Mary Heilmann

Galerie Hauser & Wirth/House for Constructive and Concrete Art

It’s hardly a coincidence that the first two large exhibitions of Mary Heilmann’s work in Europe were held in Zurich. After the shock waves sent out by Zurich Dada during World War I, the city became a center for Concrete art, thanks to the efforts of Max Bill and Richard Lohse. And now Heilmann—whose painting both echoes and moves beyond these traditions—has come on the scene. Combining the anarchic spirit of the Cabaret Voltaire with analytical acuity, she deviates from stylistic norms, but with the kind of precision for which Lohse became known. In the process her work remains painterly, losing only the rigidity that undergirded many of Modernism’s aesthetic programs.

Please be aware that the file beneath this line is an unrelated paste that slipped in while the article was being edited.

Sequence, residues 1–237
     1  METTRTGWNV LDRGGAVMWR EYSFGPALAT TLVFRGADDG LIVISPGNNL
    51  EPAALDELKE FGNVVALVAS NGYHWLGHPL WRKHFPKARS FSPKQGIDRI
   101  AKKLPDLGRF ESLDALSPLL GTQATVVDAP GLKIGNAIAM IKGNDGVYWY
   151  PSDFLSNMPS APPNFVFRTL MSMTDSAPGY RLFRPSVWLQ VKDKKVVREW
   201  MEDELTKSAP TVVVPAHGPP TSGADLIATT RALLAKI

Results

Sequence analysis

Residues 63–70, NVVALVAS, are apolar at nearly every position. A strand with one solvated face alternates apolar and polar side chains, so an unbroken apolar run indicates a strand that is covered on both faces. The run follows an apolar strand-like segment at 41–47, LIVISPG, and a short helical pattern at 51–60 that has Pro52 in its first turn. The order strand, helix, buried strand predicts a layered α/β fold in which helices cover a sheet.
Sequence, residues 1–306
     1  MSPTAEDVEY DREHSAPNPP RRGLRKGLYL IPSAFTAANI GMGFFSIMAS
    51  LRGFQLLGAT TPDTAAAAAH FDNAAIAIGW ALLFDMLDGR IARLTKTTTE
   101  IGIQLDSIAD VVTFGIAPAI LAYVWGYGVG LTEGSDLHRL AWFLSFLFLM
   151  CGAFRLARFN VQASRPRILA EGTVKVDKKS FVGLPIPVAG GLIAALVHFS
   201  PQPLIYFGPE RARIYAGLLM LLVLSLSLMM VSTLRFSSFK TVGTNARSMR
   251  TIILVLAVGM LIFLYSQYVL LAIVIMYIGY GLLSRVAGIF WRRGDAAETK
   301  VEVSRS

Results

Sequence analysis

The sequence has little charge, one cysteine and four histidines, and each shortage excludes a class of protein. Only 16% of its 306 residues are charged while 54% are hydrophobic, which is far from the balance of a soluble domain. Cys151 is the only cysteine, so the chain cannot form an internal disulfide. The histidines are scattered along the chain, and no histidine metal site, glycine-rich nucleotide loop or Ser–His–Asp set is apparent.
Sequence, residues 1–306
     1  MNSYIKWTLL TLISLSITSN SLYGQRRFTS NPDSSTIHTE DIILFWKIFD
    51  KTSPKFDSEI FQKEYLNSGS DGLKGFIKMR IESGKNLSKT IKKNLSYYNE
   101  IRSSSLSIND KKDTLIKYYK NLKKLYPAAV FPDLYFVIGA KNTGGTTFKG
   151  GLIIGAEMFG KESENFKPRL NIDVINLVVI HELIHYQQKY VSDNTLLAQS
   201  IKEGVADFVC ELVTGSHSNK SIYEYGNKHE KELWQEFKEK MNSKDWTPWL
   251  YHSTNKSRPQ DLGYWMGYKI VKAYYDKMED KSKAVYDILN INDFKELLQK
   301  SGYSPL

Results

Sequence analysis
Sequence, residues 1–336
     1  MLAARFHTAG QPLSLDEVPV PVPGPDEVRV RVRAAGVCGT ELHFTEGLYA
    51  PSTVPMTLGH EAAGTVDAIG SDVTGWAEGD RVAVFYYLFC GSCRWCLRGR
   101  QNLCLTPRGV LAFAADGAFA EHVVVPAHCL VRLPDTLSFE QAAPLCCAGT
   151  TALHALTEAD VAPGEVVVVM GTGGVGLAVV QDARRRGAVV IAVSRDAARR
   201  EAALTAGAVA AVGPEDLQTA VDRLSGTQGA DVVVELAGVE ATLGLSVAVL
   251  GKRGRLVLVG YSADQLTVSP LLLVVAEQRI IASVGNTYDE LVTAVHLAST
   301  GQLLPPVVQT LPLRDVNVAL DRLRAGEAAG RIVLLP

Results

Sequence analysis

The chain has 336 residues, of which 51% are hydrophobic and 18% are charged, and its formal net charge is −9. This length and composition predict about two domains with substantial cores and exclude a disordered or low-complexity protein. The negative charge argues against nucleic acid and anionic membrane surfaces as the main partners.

Together, these two shows mixed paintings from three decades with an immediacy and element of surprise that was well-suited to the individual pieces and to the character of the work as a whole. Because Heilmann does not

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